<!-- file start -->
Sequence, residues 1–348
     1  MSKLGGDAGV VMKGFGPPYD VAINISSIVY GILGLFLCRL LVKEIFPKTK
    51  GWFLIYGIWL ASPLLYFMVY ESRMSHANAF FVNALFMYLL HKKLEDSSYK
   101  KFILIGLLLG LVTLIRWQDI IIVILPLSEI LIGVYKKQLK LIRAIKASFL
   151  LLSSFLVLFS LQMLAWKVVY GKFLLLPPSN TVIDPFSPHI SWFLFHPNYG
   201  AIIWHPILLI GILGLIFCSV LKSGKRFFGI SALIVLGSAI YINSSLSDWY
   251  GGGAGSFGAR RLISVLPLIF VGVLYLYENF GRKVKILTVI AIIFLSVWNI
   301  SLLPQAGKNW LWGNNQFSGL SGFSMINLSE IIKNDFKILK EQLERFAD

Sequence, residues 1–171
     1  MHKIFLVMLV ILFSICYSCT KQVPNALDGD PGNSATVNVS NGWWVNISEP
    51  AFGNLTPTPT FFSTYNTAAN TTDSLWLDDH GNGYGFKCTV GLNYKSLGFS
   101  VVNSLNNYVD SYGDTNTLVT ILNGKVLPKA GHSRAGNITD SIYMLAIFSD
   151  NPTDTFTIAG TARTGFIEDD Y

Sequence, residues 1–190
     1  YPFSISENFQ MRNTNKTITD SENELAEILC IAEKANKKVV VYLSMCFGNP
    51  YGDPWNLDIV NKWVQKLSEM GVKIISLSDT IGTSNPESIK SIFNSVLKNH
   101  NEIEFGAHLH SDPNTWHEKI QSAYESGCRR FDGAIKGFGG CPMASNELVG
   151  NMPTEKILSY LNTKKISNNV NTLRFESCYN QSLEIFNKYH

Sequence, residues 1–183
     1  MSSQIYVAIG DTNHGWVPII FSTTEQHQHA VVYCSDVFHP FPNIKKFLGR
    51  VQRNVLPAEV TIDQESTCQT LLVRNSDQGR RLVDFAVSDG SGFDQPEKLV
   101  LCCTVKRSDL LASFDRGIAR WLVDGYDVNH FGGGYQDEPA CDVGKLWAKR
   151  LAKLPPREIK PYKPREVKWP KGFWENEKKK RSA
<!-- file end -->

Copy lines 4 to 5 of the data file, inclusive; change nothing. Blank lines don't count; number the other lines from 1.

   101  KFILIGLLLG LVTLIRWQDI IIVILPLSEI LIGVYKKQLK LIRAIKASFL
   151  LLSSFLVLFS LQMLAWKVVY GKFLLLPPSN TVIDPFSPHI SWFLFHPNYG